A star physics professor from Stratford has scooped one of the world’s top science prizes for his pioneering work in the study of neutron stars.
Last year Professor Andrew Levan, 37, of the University of Warwick, led observations which captured the light of two colliding neutron stars, part of the most eagerly anticipated phenomenon in modern astronomy.
In recognition of his achievements Professor Levan has been named as one of three finalists for the Blavatnik Young Science Award, being essentially one of three winners of the accolade.
The prestigious Blavatnik Award is given to three individuals, who a jury believes are the three best scientists currently working in their particular area.
Professor Levan is the finalist in the Physical Sciences & Engineering category.
In addition to receiving their medals at the Blavatnik Awards ceremony at the Victoria and Albert Museum in March, each winner will be given a $30,000 cash prize.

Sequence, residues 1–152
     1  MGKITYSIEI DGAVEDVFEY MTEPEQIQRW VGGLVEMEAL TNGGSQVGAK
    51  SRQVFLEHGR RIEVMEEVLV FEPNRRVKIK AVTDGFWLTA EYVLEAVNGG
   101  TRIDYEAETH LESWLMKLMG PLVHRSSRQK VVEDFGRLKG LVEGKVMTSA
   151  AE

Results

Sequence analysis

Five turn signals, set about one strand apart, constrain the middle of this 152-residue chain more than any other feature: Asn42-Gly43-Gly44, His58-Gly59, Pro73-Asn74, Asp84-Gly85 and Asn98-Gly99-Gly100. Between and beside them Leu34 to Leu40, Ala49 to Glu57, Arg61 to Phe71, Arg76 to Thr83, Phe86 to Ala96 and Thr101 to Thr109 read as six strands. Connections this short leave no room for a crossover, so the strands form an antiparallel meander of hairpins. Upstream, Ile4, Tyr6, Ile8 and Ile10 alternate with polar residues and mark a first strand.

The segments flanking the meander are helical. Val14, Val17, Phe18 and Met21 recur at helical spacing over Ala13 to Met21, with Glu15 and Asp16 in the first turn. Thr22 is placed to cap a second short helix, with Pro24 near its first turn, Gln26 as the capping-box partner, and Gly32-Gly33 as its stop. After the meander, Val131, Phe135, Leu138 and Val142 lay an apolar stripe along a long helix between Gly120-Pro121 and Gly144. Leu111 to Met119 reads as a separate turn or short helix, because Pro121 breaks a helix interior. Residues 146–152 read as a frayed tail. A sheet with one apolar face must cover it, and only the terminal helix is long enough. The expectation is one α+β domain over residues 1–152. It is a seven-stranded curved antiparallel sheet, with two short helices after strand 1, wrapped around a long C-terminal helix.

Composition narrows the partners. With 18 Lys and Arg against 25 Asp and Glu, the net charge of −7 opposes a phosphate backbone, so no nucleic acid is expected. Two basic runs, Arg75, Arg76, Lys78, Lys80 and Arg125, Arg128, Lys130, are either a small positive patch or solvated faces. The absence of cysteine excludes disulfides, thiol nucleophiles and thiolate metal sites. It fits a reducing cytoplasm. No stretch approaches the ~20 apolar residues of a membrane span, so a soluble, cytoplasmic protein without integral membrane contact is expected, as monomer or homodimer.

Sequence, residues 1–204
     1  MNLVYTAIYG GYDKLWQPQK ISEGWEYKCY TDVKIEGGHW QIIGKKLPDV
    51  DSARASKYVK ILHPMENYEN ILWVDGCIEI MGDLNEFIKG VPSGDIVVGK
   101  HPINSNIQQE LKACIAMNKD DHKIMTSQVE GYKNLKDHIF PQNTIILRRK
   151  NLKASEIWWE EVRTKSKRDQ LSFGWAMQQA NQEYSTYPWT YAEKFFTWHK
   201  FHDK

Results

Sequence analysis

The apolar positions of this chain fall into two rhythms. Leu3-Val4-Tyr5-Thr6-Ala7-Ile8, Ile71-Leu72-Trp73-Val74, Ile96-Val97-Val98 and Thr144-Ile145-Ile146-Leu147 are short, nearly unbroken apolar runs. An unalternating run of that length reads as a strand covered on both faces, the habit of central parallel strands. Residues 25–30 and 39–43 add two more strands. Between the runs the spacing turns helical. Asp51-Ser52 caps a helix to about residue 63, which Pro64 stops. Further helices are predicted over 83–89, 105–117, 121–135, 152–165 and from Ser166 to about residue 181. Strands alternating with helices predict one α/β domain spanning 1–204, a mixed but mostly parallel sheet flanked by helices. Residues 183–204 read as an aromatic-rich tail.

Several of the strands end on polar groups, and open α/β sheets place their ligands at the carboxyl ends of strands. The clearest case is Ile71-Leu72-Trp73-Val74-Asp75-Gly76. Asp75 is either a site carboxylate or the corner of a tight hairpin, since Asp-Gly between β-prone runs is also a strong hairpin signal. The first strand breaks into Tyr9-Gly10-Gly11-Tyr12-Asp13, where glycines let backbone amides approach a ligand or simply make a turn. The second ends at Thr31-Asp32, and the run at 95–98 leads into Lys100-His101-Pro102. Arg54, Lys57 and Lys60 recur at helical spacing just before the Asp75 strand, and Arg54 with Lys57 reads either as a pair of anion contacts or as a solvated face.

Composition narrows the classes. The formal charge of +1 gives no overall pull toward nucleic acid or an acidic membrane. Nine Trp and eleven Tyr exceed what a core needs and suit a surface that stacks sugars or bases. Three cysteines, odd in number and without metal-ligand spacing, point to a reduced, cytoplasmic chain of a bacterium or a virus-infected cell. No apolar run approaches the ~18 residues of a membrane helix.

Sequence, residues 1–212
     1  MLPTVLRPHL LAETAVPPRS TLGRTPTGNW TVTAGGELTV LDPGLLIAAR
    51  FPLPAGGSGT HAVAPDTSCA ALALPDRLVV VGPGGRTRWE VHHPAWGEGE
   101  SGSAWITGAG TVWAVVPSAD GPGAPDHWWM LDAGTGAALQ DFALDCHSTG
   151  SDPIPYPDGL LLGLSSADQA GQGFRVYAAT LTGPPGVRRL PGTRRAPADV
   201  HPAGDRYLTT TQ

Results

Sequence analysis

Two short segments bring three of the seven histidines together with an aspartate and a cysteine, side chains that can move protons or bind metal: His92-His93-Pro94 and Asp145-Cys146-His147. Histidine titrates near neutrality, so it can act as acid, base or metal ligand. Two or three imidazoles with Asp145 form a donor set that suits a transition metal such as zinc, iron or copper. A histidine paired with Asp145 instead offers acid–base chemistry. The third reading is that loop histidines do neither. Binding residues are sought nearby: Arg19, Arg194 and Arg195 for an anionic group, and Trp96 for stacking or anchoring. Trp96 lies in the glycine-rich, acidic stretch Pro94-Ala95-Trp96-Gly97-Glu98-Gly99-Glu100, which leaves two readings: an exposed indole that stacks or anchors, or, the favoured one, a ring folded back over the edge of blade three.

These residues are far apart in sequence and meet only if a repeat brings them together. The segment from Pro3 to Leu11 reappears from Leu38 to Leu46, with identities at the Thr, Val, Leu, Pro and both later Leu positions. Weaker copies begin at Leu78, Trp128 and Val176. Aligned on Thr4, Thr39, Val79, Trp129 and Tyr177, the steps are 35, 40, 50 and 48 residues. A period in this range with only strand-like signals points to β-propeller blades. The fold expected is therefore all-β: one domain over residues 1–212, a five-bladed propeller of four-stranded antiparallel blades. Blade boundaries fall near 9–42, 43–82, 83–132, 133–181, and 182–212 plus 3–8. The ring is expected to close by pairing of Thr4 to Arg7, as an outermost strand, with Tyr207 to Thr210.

Professor Levan said: “I’m very honoured to be recognised by the Blavatnik Awards for Young Scientists for my work exploring some of the most extreme events known in the Universe. While they may seem distant and remote, these events are both life-giving and life-threatening. The elements they produce seed our planet with the elements we observe around us, but if they occur too close could be responsible for large scale extinctions.
“This work seeks to answer many central questions about our place in the Universe, it is driven by curiosity about how the world around us works. I am deeply indebted to my friends, colleagues and collaborators who have helped to make it possible, and have worked with me on the science for the past decade and more.
“I am also very grateful for the research environment in Warwick that has nurtured this curiosity driven research, and enabled the progress that has been made.”
The Blavatnik Awards honour young scientists early in their careers and originally began in the United States.
The Blavatnik Awards UK started in 2017.